By The Nation
Though the aim of the apology was to fix the ongoing tussle within Phalang Pracharat Party over political positions, Prayut also hinted that he wanted things to move forward instead of returning to old problems, which could lead to a solution nobody wanted.
However, Prayut’s reference to this so-called “undesirable solution” was widely interpreted as an impending military coup.
Thanathorn Juangroongruangkit, leader of the anti-junta Future Forward Party, wrote on Facebook that the general’s remark worried him.
“It is 97 days after the election and Thailand is yet to have a government,” the politician wrote. “What’s clear is that we have the same premier – General Prayut – who has just threatened to stage another coup to end the fight for Cabinet seats.”
Thanathorn said Prayut’s message highlighted how the election led to disorder and disarray among politicians, so coups can be seen as a shortcut to saving the country.
However, he said, this situation has left the coalition non-functional and unstable, and the reason for this rests solely on the junta-sponsored Constitution.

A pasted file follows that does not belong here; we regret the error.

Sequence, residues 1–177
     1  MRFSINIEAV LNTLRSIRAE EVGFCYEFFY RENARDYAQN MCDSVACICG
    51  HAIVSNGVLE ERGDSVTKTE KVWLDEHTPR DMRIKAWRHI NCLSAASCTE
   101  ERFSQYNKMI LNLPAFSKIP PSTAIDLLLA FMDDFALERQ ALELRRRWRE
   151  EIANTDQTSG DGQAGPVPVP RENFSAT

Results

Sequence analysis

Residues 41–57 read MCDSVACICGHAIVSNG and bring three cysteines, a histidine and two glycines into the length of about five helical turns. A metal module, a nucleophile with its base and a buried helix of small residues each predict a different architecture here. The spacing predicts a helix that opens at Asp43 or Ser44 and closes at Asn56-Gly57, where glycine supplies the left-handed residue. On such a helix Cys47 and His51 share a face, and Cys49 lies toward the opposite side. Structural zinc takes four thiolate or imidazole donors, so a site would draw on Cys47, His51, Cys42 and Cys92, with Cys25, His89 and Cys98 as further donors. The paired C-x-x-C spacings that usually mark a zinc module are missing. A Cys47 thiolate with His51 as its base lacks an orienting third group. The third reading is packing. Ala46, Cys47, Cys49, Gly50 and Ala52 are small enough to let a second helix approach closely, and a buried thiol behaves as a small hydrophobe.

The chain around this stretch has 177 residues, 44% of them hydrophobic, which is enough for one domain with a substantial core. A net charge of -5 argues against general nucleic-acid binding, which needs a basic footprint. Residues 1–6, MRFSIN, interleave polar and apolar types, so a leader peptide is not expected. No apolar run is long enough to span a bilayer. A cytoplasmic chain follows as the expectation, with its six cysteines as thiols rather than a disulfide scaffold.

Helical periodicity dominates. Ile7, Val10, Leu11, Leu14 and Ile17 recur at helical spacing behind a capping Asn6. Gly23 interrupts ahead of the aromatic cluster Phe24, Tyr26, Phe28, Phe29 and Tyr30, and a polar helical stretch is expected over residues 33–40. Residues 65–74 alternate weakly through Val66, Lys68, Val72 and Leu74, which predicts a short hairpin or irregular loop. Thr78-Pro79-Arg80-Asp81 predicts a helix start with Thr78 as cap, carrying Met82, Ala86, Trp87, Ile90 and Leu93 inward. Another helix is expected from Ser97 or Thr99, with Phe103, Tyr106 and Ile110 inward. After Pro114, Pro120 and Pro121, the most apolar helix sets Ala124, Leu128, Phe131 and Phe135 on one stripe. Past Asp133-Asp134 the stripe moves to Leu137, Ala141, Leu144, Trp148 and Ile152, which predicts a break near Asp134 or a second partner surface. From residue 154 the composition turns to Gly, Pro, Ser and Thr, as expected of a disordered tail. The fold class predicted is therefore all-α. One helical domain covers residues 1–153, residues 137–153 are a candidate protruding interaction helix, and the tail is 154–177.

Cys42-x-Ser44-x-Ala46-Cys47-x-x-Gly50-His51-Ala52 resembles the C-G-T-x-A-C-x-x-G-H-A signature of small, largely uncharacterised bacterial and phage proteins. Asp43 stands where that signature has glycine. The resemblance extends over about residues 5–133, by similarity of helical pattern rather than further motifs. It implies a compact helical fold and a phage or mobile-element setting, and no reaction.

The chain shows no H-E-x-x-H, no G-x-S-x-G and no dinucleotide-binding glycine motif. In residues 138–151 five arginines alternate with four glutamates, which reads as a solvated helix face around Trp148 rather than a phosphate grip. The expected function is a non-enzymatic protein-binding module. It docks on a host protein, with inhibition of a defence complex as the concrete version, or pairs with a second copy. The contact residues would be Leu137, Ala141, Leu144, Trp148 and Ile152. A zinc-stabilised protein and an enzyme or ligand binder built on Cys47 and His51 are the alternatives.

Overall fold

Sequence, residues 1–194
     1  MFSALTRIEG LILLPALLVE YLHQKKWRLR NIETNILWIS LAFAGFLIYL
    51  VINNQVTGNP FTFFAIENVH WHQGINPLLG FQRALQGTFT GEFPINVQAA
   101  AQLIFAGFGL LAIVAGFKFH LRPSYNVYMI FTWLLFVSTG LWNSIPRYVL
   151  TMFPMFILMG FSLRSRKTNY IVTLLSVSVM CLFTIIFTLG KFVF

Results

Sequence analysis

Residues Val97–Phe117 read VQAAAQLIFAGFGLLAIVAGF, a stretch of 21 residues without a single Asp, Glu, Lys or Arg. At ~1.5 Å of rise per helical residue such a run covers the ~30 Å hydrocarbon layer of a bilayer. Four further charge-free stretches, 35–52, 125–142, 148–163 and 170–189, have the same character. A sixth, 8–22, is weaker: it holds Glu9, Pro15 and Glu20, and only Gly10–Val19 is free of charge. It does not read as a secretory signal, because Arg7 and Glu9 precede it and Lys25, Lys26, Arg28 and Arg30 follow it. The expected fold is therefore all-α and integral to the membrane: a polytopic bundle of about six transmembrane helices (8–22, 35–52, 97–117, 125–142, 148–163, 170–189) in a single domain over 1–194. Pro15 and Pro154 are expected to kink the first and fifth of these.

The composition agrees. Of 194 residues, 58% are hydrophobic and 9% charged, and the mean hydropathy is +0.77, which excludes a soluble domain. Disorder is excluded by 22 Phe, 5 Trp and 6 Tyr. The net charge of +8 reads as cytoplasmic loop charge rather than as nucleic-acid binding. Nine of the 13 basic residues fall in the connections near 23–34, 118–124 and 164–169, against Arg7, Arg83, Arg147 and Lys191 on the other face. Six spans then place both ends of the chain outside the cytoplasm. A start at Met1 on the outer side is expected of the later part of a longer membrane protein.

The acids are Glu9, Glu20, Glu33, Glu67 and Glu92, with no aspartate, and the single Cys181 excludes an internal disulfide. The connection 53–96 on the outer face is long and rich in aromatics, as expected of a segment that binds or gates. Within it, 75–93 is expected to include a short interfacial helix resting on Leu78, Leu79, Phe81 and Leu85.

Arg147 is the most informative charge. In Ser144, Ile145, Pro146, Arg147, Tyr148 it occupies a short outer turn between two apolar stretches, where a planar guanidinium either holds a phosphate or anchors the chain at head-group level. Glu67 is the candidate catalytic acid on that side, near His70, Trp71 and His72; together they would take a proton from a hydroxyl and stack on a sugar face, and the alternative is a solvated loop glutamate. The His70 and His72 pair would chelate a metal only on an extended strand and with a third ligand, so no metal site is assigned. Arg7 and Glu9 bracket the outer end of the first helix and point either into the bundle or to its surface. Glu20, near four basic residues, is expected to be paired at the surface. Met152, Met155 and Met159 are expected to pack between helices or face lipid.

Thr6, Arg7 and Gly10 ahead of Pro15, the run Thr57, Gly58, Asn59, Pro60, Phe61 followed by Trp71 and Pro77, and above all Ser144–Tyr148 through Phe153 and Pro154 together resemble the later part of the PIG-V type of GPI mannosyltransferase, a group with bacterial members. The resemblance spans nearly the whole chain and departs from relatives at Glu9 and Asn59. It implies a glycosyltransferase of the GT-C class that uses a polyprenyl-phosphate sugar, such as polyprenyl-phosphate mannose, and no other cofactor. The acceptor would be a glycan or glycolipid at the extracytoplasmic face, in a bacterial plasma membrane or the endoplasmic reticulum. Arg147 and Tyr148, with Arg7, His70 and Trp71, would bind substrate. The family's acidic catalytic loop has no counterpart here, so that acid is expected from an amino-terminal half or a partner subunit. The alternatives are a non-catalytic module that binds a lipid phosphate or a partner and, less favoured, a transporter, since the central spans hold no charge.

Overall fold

While the general is trying to blame the politicians for the ongoing turmoil, Thanathorn said it was actually the former junta leader who is benefiting from the chaos.
Without a government in place, Prayut can continue enjoying his status as chief of the National Council for Peace and Order and the sweeping powers granted to him by Article 44, he said.
“The actual problem is Prayut. He should stop blaming politicians and rise above the row between elected politicians,” Thanathorn said.
Pheu Thai Party’s de facto leader Khunying Sudarat Keyuraphan sent out a similar message in a Facebook post on Monday evening, in which she wrote that the pro-junta bloc had failed to reach an agreement on Cabinet portfolios because they cared only about their personal interests.
“And as they cannot cut a deal, the same old PM threatens to seize power again,” the politician wrote.